The forum attendees then participated in three main sessions:

  1. Trust building, social healing, and reconciliation.
  2. Women’s participation and empowerment, ensuring human rights for all.
  3. Youth engagement and minority group participation in the peace process.

The results and recommendations of the group discussion were presented in the plenary session. The subsequent sections offer an overview of the pivotal discussion points and recommendations from each group.

Session 1: Trust Building, Social Healing and Reconciliation

Participants in this group recognized the intricate nature of trust-building and reconciliation among Afghans. They acknowledged that the prolonged war in their home country has led to a loss of trust among themselves, extending to the diaspora, diaspora organizations, civil society, and those engaged in Afghan affairs. The root cause is attributed to the scattered nature of the Afghan diaspora, fostering a pervasive sense of distrust. This fragmentation extends to diaspora organizations, which, despite sharing common objectives in various host countries, face challenges in forming a cohesive alliance. The group said, “The lack of  trust has divided the Afghan diaspora.”

The group emphasized the critical need to define trust-building, urging a clear understanding of its components, although a concrete definition was not provided. Participants highlighted the importance of trust-building initiatives addressing internal divisions, with a specific focus on fostering trust among different age groups, genders, and ethnicities. The group identified challenges contributing to a lack of trust, particularly within the Afghan diaspora.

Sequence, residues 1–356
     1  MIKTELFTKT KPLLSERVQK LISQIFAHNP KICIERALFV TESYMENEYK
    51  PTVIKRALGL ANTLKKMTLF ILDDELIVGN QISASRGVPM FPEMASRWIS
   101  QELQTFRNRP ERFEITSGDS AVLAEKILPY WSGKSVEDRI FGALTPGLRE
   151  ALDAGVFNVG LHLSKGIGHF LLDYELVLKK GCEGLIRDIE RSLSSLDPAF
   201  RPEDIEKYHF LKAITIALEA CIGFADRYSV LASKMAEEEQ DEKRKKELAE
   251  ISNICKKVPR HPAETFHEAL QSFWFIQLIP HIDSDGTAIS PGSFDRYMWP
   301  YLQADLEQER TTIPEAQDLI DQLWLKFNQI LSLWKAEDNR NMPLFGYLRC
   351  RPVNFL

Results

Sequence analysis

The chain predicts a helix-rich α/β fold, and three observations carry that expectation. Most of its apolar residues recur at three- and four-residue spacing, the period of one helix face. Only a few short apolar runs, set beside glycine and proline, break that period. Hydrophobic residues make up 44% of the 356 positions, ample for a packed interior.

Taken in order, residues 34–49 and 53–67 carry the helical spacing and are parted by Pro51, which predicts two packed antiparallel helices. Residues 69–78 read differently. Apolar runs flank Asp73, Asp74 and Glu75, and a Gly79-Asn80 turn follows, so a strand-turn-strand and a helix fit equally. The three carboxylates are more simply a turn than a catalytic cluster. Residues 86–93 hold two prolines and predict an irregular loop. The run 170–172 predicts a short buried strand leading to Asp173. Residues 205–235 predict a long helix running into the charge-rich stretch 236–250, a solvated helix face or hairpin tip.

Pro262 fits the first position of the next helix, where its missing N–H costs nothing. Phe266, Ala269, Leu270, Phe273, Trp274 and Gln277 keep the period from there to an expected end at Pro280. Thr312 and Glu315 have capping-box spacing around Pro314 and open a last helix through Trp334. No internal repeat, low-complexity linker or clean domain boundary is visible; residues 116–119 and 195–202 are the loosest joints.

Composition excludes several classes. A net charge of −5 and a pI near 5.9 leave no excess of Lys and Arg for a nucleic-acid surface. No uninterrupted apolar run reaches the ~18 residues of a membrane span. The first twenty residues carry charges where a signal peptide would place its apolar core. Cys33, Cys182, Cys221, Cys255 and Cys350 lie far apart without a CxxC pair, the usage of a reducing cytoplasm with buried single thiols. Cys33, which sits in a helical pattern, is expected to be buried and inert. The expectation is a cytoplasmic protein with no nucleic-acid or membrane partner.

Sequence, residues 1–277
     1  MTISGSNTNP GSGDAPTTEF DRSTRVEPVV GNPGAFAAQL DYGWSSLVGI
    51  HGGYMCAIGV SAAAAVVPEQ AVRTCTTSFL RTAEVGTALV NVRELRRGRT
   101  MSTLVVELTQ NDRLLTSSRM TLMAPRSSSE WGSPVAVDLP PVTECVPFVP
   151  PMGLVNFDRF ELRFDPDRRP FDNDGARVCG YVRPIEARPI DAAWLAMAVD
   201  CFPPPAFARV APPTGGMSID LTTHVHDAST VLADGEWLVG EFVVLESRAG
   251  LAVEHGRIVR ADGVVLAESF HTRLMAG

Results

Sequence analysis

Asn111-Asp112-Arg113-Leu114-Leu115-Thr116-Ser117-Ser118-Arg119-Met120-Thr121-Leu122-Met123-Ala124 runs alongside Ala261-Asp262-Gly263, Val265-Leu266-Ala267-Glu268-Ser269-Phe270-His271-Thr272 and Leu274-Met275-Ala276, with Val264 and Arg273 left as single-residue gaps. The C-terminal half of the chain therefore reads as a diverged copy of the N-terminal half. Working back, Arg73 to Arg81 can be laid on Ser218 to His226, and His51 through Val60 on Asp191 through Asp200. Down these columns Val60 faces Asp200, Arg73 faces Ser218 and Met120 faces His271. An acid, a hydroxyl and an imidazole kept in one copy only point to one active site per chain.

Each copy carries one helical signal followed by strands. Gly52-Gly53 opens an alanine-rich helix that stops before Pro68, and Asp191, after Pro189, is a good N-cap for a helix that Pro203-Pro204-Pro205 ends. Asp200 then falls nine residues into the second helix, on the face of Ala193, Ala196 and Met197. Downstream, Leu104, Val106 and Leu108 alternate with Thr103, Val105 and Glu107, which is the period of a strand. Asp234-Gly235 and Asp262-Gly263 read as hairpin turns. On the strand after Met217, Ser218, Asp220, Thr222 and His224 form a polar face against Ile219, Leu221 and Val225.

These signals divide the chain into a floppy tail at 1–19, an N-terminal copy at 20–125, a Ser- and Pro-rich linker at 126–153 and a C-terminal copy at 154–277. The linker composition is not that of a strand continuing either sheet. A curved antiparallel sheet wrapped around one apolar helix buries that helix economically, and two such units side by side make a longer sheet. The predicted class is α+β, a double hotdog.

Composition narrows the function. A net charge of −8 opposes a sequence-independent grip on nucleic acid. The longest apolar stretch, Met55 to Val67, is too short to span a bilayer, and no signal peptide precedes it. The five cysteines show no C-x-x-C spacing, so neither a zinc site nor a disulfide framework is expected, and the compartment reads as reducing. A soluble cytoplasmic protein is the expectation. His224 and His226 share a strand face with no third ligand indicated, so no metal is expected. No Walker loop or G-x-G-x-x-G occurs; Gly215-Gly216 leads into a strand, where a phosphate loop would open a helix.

The participants emphasized a fundamental aspect of trust-building between men and women, pointing out historical disparities that hinder women’s active participation in governance and politics in Afghanistan. One member of the group expressed, “There is no recognition of Afghan women’s capacity. There are no women-led political parties. Women must be given the full chance to present themselves in all walks of life.”

Moreover, bridging the trust gap between the old and new generations is crucial. The older generation tends to blame the younger one for alleged detachment from Afghan culture, while the efforts of the younger generation are not valued. Conversely, the younger generation blames the older one for not working hard enough to pave the way for a peaceful Afghanistan. They believe that had the older generation created the groundwork, the younger generation would not be facing the challenges they do today.


The group proposed various mechanisms to overcome challenges and foster trust, contributing to the broader goal of reconciliation. These mechanisms include implementing trust-building through debates, workshops, seminars, media appearances, lobby events, and peace journalism. Key recommendations from the discussion group are as follows: